We were standing in the rundown barn on Ben’s vacation property just outside Saranac Lake as dusk faded. A yellow fluorescent bulb was buzzing and flickering; mosquitoes swarmed in a blood-hungry cloud. My mouth was hanging open in awe.
“That,” I said to Ben, “is a 1970 Dodge Challenger R/T.”
“Yup,” he said, tarp still in hand. “With the 426 Street Hemi. Found it here when my Grandfather left us the house last year.”
“Does Diane know?” Diane was Ben’s primary partner and the crunchiest member of our constellation. She was back in the farmhouse with my partner Sarah, making dinner and catching up.
Ben chuffed. “She’s been all over me to register it with the EPA and find a buyer, but I’ve been busy. With stuff.”
“Right,” I grinned. “So, is this the real reason you invited us up here?”
“Nah. Sarah told me you two were having problems, and August in Manhattan always feels so pre-apocalyptic. Plus that place of yours gets a bit ripe thanks to the canals. We thought a change of scene might help.”
“Yeah,” I said. Wall Street’s canals could make the whole city smell fetid depending on the wind. And my relationship with Sarah had been wilting.
“You know we love her,” Ben said, turning serious. “Sarah’s the kind of person you list as your emergency contact. Know what I mean? Plus, she has that whole sexy obsession with cyberpunk thing going on. She’s basically the digital to your analog.”
If scientists ever figured out how to upload our brains to the cloud, Sarah would be an early adopter. Meanwhile, I worked for an artisanal distillery, and still ate meat when I could afford it; I carried my grandfather’s pocket watch and kept real, physical books. I’d also never had a primary partner.
For a long time, our differences had been good conversation fodder, but then we’d moved in together, and Sarah had started pushing me to update my lifestyle.
My eyes toggled between Ben and the aubergine Challenger. “Can I touch it?”
“This should be in a museum,” I said reverently.
“It gets better.” He pulled a keychain out of his pocket.
“It runs? Where’d you get the gas?”
“Old pump behind the barn,” he said. “Want to drive her?”
The car’s massive carbon spewing heart was seriously illegal. If we got caught on the road it would mean huge fines. Maybe even jail time.
Ben smirked at me like he had the first time we’d met in a Park Slope bar—he looked like Harrison Ford during his Han Solo days. “Come on. Let’s do it,” he said.
I smiled, remembering how he’d walked over to me that night, like we’d already known each other, like we’d intended to meet. Then he introduced me to Diane. Diane had introduced me to Sarah, and, over time, others in their collective orbit.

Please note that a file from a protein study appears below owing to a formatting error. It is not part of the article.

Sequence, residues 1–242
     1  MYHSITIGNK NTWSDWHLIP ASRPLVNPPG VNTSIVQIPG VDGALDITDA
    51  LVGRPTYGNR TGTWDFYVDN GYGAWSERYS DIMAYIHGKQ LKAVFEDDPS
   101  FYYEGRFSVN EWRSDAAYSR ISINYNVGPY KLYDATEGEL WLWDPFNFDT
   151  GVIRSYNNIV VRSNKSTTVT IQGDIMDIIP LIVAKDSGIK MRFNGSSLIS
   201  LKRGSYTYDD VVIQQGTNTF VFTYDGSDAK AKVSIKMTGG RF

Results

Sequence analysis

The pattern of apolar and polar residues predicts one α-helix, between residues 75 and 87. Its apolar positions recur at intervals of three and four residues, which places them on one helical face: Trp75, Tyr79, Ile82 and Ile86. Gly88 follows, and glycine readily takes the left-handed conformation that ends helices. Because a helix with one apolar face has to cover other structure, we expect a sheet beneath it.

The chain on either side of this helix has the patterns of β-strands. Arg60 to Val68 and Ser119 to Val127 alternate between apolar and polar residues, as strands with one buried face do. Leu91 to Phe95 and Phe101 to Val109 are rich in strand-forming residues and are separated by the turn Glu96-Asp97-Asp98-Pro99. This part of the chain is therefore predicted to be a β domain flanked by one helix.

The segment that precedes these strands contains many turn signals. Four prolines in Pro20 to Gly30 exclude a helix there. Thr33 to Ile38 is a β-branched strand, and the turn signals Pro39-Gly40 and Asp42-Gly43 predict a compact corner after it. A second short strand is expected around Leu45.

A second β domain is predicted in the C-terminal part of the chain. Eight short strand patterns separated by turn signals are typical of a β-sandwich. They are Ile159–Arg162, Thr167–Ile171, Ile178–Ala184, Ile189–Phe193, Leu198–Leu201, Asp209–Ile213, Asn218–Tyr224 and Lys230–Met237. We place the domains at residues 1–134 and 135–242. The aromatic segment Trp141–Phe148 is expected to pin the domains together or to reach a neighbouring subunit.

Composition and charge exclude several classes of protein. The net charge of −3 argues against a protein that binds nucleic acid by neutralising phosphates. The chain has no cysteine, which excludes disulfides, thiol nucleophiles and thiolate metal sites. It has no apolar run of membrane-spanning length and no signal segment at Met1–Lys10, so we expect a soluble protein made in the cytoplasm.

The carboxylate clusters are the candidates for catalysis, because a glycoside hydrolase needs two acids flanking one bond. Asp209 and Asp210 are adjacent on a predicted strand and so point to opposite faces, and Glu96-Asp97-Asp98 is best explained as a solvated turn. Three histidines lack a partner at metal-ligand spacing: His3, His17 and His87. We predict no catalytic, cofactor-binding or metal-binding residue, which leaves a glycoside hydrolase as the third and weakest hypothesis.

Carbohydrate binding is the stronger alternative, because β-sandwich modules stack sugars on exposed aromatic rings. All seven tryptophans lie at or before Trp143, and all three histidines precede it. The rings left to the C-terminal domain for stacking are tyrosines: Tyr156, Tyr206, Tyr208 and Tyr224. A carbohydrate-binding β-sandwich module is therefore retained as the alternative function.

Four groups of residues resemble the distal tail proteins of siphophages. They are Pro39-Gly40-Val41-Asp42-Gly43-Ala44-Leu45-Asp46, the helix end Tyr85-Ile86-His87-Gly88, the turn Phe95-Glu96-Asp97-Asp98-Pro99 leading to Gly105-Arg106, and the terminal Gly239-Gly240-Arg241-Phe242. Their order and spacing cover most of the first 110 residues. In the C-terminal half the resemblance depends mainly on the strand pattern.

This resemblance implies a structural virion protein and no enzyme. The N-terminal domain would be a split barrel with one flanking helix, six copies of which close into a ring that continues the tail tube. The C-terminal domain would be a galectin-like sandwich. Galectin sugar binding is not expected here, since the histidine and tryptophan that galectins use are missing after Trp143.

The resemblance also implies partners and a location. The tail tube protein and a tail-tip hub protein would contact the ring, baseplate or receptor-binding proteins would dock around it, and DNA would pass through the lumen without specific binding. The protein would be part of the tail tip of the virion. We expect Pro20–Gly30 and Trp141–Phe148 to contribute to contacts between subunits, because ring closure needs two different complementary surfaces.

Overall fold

“Okay,” I said. “But you’re paying for the lawyers if we get caught.”
The Challenger roared like an angry predator and we went screaming off into the darkness, cruising north, past derelict filling stations, dying trees, and rotting strip malls.
“You know, Sarah’s not asking for anything crazy,” Ben said suddenly, shouting over the engine. “Most of us are sharing rent, bills, property. Setting up a legal partnership makes sense now that communal marriages are recognized. We’re not kids anymore.”
“Says the person joyriding in an illegal muscle car?”
We laughed and another mile vanished. Then Ben’s phone buzzed. He started texting.
“What’s up?” I said.
“Sarah and Diane,” he said. “Wondering where we are.”
“Should I turn around?”
He grabbed my leg. “I think you should really put the hammer down.”
Here’s the thing about modern cars: they’re quiet, clean, and drive themselves. Sarah and I had covered Brooklyn to Saranac in a cushy temperfoam and plastic bubble while we fooled around with our touchscreens.
The Challenger was a physical antonym to that low friction existence, a throwback to a time when freaks and freedom raged; it was feral, requiring constant attention. Driving the monster, I was almost euphoric. Until a pair of headlights appeared behind us.
“We have company.”
Ben looked over his shoulder and shrugged. “So, go faster.”
We were on a nice run of pavement with long, gentle curves surrounded by nothing but trees. Even so, I could feel my pulse throbbing as the accelerator climbed. The cabin noise was deafening; the steering felt increasingly shaky. It wasn’t enough.
Four hipsterish looking kids pulled up next to us inside a battered chassis at least ten years old. From the speed it was pulling, it was obvious someone had hacked the AI.
Suddenly, its exterior holoskin lit up with 70s skin flicks—at least a dozen different scenes juxtaposed to create a kaleidoscope of wildly pistoning bits. The kids laughed and hooted, pointing at our dumbstruck faces.
And three deer leaped into the road.
On reflex, I jacked the wheel and stomped the brake. The Challenger went into a slide. I swung the wheel back. We lurched and spun. Ben screamed. I thought, well, this was a dumb way to die.
We rocked to a stop on the shoulder, dust dancing in our headlights.
The beater was gone, having easily avoided the deer before vanishing around the bend. Hacked, ten years old, it had still been faster, and safer.
We sat in silence until Ben’s phone buzzed. He pulled it shakily from his pocket and barked out an adrenaline soaked laugh.
“Diane says if we’re not back in twenty minutes they’re calling the cops.”
I stared at the antiquated gauges, my chest and neck hurt from being whipped against the simplistic safety belts. Tentatively, I started the car and eased us back on the road.
“Diane was right. We should sell this thing.”
“I guess,” Ben said, rubbing his neck. “I’m just glad we’re alive.”
“Me too,” I said. I really needed to talk to Sarah.
About the Author
William's work has appeared in The Arcanist, Daily Science Fiction, Little Blue Marble, and other fine publications. You can also find him on Twitter at @DelmanWilliam, or on the mats at Fenix BJJ. If he's not writing, tweeting, or training, he's probably doing laundry.